Should You Use Your Retirement Accounts for Debt Repayment?

If you have plenty of debt, you might be tempted to do everything you can to pay it off at once, especially if it has a high interest rate. However, before you use your retirement accounts, you should understand the pros and cons. There are also a few other options to consider.

Options for Debt Repayment

It’s always best to look into all the options so you don’t have to use your retirement funds to pay off your loans. You should avoid touching your retirement accounts until you have exhausted all the other options. Think about assets you have that you may no longer need. For example, perhaps you have a life insurance policy you no longer need. You could consider selling that for cash. You can use a life settlement calculator to see how much the policy is worth. That can help you better plan out the options open to you.

Understanding Retirement Accounts

Even if you have a high interest rate on your debt, it’s never a good idea to dip into your retirement savings. Even if you are at risk of having it sold to a collector, consider all your options before pulling from retirement. It’s a good idea to first understand the different account types. Roth accounts are funded using after-tax dollars, and you can take contributions without paying taxes. However, a 401(k) account is funded using before-tax dollars, as well as funds from an employer.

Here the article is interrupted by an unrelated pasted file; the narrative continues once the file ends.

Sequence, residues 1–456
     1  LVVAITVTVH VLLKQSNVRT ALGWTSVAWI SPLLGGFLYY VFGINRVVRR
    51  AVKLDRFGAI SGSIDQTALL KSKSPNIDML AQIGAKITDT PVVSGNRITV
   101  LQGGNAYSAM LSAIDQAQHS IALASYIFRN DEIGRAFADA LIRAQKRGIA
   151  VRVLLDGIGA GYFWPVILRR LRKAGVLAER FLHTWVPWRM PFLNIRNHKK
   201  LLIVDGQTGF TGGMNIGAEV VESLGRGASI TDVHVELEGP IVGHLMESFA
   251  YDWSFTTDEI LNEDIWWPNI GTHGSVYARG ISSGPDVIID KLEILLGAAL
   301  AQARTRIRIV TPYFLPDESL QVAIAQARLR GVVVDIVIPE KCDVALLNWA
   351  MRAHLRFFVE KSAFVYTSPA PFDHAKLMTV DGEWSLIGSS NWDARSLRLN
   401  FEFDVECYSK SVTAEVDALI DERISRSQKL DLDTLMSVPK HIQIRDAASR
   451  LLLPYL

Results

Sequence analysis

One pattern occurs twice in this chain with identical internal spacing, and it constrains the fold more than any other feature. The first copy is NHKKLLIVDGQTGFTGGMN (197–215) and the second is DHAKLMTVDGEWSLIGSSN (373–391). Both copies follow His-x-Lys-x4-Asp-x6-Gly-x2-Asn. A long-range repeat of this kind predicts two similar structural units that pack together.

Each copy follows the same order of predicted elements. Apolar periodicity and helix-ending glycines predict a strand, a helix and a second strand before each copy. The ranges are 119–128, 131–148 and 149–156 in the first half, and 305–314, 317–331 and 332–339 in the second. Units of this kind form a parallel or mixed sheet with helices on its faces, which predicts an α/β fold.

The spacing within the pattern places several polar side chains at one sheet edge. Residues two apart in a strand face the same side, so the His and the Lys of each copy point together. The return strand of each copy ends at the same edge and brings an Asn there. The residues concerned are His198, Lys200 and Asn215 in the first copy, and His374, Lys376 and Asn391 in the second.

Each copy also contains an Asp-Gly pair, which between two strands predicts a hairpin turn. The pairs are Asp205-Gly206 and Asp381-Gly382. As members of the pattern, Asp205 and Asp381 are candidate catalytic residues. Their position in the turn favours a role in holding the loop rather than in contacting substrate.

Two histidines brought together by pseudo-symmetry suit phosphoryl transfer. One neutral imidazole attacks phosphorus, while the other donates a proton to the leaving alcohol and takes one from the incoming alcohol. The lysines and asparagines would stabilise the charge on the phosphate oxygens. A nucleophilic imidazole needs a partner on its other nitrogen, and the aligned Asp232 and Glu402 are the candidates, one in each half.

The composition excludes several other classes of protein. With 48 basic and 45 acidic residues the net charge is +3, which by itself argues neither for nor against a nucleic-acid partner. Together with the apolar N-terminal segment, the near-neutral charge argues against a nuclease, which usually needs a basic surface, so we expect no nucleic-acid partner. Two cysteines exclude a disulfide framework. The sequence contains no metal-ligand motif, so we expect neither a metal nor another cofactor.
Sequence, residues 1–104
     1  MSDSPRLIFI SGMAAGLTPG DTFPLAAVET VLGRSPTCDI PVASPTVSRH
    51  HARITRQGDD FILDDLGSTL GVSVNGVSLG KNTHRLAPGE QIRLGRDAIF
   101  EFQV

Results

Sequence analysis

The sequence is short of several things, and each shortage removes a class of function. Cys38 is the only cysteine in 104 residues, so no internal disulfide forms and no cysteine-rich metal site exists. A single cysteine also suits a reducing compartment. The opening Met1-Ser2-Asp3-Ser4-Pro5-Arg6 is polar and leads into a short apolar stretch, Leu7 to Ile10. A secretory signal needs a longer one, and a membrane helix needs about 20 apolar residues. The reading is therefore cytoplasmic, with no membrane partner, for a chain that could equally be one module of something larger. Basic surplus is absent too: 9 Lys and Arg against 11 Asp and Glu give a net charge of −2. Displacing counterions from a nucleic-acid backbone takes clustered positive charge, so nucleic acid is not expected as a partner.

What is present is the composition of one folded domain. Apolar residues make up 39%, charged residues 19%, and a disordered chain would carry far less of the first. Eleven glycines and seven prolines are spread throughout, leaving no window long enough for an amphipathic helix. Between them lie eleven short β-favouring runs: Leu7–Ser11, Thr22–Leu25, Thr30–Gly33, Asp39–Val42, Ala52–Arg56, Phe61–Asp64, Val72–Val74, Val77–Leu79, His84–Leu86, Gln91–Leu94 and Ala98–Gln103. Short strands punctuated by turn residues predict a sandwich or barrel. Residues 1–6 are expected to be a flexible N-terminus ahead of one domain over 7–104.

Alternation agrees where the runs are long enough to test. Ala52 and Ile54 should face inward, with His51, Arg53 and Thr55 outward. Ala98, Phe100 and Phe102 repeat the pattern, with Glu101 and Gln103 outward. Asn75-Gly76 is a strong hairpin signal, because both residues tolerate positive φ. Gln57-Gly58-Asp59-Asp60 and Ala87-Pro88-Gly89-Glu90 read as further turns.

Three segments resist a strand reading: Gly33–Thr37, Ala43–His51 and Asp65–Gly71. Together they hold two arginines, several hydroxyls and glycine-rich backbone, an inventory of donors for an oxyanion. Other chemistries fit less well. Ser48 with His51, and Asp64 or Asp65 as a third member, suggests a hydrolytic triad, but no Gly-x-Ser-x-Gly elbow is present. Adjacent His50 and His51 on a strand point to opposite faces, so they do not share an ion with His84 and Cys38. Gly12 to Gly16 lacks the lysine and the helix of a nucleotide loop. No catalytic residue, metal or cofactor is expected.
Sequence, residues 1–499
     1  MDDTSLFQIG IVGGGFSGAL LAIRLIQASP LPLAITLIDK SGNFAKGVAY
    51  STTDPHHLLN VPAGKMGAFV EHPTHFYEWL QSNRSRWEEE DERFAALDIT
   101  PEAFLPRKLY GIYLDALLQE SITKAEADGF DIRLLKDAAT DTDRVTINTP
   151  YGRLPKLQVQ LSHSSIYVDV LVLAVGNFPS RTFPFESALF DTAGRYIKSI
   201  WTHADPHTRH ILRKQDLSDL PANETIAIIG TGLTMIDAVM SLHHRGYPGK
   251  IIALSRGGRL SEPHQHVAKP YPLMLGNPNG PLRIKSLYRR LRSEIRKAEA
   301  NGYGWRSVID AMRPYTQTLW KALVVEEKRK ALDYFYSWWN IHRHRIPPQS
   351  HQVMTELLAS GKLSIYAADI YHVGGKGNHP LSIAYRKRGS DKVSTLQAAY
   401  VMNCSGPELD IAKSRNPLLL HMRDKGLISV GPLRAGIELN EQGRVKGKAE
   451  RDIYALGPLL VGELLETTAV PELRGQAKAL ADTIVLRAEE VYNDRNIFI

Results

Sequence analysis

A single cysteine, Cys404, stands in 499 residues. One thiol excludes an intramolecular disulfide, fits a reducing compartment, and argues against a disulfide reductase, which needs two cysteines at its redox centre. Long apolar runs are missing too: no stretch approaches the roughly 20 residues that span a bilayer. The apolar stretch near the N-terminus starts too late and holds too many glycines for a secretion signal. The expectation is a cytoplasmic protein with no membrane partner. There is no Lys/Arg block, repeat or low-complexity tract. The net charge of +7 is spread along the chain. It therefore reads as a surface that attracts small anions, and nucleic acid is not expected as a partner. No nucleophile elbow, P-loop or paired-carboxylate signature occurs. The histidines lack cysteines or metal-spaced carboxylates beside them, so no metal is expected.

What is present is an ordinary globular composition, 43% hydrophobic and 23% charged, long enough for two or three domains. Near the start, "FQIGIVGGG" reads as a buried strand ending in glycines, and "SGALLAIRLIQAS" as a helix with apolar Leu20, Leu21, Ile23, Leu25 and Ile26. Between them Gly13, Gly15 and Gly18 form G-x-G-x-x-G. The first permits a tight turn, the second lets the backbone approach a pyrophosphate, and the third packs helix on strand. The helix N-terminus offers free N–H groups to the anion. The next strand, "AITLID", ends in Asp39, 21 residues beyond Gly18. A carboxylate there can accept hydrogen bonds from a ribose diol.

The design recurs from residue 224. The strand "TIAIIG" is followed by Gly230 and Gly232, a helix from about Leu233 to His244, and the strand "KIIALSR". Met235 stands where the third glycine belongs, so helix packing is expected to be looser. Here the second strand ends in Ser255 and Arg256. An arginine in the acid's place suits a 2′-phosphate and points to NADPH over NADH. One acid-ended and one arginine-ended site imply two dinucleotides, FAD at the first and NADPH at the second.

On the other hand, an IRA account is not sponsored by an employer. Instead, you open it and put in the funds yourself. You can choose from both Roth and traditional options. No matter what kind of account you have, you most likely will not be able to take out funds before you are 59 and a half. And early withdrawals can lead to much less interest being earned on the funds in the future. You might be affecting your ability to retire at your desired time.

Taking Distributions

If you take out funds from your accounts early, you will need to pay taxes on them. If you are taking them out of a traditional tax account, you will need to pay your regular income tax rate, and this could increase your total taxable income, putting you into a higher tax bracket for the year. However, if it is a Roth account, you will not need to pay taxes, as you already have. Besides taxes, you also need to think about the potential penalties. The funds are meant to stay in your account for a long time, so you will most likely need to pay a penalty if you take the money out before you are 59 and a half years old.

Of course, there are a few exceptions to this rule. For example, you can often withdraw money from your Roth account without penalty if you are taking out your contributions. You will likely need to pay taxes or penalties if you are taking earnings out. The amount of time you have had your account and distribution’s purpose will determine exactly what happens. You might want to speak with an accountant to learn what an early distribution might mean for you.

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